Liskov substitutability does not mean that you can substitute an object of a subclass for an object of a superclass and your program will still be correct. The only thing it guarantees is that promises made by the superclass will be honored by all subclasses.
In your case, the superclass promised "My speed will not exceed 100", and it keeps that promise. The subclass also keeps this promise.
The subclass also introduces a new, stricter promise: "My speed will not exceed 50", and it honors this promise as well. This is possible because the states allowed by the new premise are a strict subset of the states allowed by the old promise.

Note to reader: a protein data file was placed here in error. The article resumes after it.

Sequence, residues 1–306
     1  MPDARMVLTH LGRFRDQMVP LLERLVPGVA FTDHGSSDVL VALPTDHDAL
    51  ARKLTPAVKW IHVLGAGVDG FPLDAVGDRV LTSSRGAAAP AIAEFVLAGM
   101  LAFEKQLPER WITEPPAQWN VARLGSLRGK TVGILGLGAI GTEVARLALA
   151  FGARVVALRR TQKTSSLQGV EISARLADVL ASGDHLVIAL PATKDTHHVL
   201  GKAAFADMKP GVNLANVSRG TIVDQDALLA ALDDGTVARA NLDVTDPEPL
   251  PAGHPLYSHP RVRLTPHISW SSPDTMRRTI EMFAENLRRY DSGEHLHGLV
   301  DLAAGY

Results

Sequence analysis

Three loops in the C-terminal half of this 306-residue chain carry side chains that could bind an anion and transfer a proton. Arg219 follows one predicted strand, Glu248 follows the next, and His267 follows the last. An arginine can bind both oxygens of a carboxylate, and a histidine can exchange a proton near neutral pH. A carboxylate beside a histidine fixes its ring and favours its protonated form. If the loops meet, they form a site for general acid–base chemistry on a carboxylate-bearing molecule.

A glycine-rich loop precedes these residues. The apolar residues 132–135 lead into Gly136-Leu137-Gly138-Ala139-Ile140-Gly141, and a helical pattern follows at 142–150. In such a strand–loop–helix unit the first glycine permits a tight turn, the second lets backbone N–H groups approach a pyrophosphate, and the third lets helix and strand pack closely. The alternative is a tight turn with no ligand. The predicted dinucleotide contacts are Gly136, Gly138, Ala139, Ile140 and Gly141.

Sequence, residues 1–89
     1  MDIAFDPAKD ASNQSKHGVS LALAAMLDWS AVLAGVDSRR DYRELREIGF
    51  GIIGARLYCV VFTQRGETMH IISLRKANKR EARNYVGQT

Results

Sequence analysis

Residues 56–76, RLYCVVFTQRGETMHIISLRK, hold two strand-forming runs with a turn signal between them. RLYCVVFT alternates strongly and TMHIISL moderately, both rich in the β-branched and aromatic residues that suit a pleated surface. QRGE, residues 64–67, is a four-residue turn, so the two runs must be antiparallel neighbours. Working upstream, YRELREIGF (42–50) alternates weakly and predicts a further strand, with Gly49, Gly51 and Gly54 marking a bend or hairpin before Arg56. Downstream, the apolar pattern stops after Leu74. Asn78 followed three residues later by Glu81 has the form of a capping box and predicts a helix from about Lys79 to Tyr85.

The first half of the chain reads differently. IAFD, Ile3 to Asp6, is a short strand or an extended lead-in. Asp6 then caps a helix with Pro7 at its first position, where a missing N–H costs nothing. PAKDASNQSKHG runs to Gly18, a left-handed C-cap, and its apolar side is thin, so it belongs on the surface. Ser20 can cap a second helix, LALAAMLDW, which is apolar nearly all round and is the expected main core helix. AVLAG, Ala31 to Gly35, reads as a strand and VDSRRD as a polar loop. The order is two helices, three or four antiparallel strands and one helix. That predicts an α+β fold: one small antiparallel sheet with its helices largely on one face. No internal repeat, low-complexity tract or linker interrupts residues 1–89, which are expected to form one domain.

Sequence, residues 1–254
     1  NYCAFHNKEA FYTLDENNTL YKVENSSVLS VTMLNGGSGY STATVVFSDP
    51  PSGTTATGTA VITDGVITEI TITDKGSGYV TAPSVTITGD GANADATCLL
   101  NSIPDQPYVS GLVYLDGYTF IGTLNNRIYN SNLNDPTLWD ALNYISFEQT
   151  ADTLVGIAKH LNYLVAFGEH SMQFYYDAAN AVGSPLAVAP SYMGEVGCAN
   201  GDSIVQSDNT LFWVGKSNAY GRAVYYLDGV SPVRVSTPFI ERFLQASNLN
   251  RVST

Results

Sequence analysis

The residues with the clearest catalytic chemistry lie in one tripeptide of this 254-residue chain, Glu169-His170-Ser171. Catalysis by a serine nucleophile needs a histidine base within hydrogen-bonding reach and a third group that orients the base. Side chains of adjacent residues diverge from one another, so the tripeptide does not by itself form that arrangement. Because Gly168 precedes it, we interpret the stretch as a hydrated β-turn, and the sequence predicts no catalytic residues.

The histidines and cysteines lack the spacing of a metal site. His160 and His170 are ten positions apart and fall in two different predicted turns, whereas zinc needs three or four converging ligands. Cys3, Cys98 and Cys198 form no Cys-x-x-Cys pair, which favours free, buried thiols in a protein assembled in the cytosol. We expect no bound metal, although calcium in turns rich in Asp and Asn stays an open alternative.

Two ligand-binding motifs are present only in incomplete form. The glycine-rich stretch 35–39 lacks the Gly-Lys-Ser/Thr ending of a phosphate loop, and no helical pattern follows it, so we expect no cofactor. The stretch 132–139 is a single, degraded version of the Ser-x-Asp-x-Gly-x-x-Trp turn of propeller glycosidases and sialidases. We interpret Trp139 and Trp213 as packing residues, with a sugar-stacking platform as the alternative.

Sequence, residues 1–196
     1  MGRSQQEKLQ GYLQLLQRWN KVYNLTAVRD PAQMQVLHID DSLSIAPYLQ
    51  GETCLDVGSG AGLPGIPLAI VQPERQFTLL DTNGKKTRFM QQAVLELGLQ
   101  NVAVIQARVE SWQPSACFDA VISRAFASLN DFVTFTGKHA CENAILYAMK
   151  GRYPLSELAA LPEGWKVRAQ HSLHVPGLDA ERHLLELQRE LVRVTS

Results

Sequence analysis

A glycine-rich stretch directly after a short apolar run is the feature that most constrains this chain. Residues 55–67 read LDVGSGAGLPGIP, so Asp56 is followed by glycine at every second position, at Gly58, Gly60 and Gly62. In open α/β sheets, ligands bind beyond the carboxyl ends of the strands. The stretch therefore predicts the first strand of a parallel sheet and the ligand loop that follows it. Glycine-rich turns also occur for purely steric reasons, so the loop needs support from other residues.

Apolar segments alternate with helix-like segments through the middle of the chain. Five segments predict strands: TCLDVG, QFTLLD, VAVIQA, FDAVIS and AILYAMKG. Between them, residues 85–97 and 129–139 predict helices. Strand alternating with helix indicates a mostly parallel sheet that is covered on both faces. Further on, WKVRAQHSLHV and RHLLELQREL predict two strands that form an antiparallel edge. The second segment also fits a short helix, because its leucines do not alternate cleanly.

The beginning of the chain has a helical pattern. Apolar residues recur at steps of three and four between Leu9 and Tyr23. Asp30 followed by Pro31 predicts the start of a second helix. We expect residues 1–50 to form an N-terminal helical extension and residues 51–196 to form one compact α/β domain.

The superclass doesn't honor this new promise, in fact it doesn't even know about it. That means that its behaviour will be different from the behaviour of the subclass. Obviously, this can affect program correctness - substitutability does not mean that any of the classes in a class hierarchy is as good as the other.
Then what good is Liskov substitutability? It's only as good as the type system in your language. It does a good job enforcing pre- and postconditions that the type system in your language can express. For instance, once you declare a method that returns an
unsigned int, you can be sure that it will never return a negative value, and neither will any subclass. But you probably cannot express "this method finds the best nearest-neighbour classification of the input values" in the type system, therefore the LSP cannot guarantee program correctness under inheritance. (To be fair, almost no formalism can.)